Russia's Gazprom energy monopoly is preparing to cut gas supplies to Ukraine if Kyiv does not repay a $2 billion debt by December 31.  But Ukrainians dispute the Russian figure, and say they have enough supplies to last through the cold winter months.

Gazprom CEO Alexei Miller told Russia's Vesti 24 television the company has created an operations center to begin technical preparations for cutting gas supplies to Ukraine. 

In a colorful turn of phrase, Gazprom spokesman Sergei Kupriyanov told a Moscow news conference Tuesday that Miller was in talks wielding a club in hopes of reaching a last-minute agreement with the Ukrainian side. 

Kupriyanov says Gazprom has been seeking alternatives that would offer their Ukrainian colleagues another way of settling the debt, including advance payment by Gazprom to the Ukrainian gas company, Naftogaz of Ukraine, for gas pipeline transit rights through that country.

However, Oleksiy Hudyma, energy advisor to Ukrainian Prime Minister Yulia Tymoshenko, told VOA that Ukraine's current debt is less than $1 billion, because the second billion represents payment for December gas that does not come due until January 25.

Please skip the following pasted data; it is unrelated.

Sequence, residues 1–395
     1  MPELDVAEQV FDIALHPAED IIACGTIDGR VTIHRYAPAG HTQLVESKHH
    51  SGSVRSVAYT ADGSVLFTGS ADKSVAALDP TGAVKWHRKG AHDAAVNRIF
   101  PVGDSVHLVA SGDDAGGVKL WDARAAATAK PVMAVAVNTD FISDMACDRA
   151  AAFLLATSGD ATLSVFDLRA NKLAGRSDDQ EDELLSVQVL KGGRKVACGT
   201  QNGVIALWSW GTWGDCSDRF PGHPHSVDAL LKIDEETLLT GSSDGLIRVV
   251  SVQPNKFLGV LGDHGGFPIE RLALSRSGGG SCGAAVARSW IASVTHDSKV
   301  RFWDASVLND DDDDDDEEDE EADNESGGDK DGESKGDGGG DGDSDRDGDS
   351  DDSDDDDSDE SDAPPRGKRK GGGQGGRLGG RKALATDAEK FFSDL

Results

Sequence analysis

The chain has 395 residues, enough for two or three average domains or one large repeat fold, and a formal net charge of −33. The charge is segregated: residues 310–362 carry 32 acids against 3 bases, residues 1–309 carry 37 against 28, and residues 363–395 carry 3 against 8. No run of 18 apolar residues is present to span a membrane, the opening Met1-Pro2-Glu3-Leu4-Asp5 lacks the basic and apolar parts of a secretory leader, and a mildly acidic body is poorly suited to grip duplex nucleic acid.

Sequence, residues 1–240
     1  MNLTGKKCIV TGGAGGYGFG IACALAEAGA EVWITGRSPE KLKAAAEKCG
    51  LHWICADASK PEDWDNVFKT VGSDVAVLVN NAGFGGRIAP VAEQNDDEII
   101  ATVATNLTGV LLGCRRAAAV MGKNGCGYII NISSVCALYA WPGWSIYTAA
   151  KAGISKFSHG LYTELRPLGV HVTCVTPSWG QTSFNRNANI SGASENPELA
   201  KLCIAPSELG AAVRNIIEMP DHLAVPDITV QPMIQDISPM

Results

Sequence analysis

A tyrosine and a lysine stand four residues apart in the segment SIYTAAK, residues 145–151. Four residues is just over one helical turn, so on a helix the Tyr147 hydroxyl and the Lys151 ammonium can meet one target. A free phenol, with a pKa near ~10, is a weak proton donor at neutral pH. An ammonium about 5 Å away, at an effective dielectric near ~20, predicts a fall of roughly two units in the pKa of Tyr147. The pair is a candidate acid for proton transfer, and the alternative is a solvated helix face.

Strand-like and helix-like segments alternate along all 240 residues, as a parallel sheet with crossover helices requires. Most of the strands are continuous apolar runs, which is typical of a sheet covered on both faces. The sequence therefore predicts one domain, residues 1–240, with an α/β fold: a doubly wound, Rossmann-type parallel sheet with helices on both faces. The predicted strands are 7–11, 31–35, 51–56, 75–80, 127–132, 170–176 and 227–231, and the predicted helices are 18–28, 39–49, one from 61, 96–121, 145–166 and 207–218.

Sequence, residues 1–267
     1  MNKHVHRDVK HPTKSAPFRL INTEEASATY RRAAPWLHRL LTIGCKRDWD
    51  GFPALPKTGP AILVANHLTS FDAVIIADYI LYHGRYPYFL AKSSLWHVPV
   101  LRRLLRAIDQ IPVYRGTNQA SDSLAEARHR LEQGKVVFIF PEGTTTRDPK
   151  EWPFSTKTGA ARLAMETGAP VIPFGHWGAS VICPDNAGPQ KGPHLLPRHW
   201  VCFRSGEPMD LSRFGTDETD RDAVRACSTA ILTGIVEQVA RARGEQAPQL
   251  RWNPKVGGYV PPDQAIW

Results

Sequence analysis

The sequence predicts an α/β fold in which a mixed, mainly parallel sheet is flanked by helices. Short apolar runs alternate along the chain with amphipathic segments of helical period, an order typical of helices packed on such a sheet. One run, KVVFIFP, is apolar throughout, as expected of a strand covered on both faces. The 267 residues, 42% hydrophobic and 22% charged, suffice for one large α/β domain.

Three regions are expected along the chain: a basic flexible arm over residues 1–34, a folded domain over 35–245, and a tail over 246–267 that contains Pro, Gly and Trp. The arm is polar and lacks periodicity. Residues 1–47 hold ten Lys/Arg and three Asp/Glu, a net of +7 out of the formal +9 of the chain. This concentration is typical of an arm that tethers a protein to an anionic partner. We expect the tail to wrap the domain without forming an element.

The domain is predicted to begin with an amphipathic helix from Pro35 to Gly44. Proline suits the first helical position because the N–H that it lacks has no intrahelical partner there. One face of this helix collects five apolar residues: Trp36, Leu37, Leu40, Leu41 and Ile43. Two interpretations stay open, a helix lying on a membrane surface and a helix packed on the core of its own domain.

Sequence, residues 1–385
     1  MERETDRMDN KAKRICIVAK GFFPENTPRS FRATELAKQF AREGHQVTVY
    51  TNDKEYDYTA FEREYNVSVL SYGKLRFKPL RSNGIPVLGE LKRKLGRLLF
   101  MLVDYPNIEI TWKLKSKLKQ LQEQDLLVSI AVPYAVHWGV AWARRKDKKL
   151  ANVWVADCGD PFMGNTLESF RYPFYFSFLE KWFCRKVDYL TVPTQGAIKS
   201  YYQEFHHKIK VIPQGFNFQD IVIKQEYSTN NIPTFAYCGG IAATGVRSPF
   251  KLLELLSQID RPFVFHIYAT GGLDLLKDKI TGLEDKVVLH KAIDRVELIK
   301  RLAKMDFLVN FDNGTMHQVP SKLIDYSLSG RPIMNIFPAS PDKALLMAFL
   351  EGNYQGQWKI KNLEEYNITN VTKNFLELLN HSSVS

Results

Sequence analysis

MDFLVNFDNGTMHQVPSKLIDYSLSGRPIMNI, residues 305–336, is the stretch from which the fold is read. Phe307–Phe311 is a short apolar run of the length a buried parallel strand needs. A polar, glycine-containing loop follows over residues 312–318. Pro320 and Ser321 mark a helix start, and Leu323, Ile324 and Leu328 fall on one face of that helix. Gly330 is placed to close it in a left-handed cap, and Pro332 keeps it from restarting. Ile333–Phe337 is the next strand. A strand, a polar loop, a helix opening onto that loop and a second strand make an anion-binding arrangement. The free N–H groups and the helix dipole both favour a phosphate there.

He says the recent sharp devaluation of Ukraine's currency, the hryvna, has made it difficult for the country to pay the debt in U.S. dollars, adding that Russia is not so much interested in getting its money, but using energy to play politics.

Hudyma says Moscow is trying to influence Europe by suggesting Ukraine can interrupt its energy supplies and to make Europeans better appreciate the importance of Russia.  He says Russia is also seeking control over Ukraine's gas transport system, adding that Gazprom's proposal to settle the Ukrainian debt by allowing the company to pay in advance for transit rights will leave Ukraine with no profit in 2009.

Hudyma and Gazprom both assure consumers in Western Europe that their gas supplies will not be cut, though for slightly different reasons.  Gazprom spokesman Kupriyanov says Ukraine is obligated by contract not to reduce European supplies that transit through Ukraine, while energy advisor Hudyma says his country has enough reserves to supply itself and Europe at least through April.

Hudyma says there will be no harmful effects on Europe under any circumstances.  If those circumstances become critical and Russia tries to limit supplies in a critical situation, he says Ukraine will get by on reserves that are stored underground.

Russia says it will charge Ukraine a market price of $418 per 1,000 cubic meters of gas.  But Oleksiy Hudyma says that price is arbitrary, noting that the Czech republic pays only $350, though it is much farther downstream from Russia than Ukraine.  

He adds that much of the gas Ukraine receives from Russia is mixed with cheaper supplies from Turkmenistan, for which he claims Russia does not yet have a contract.

Ukrainian and Russian representatives are all expressing hope for a last minute agreement.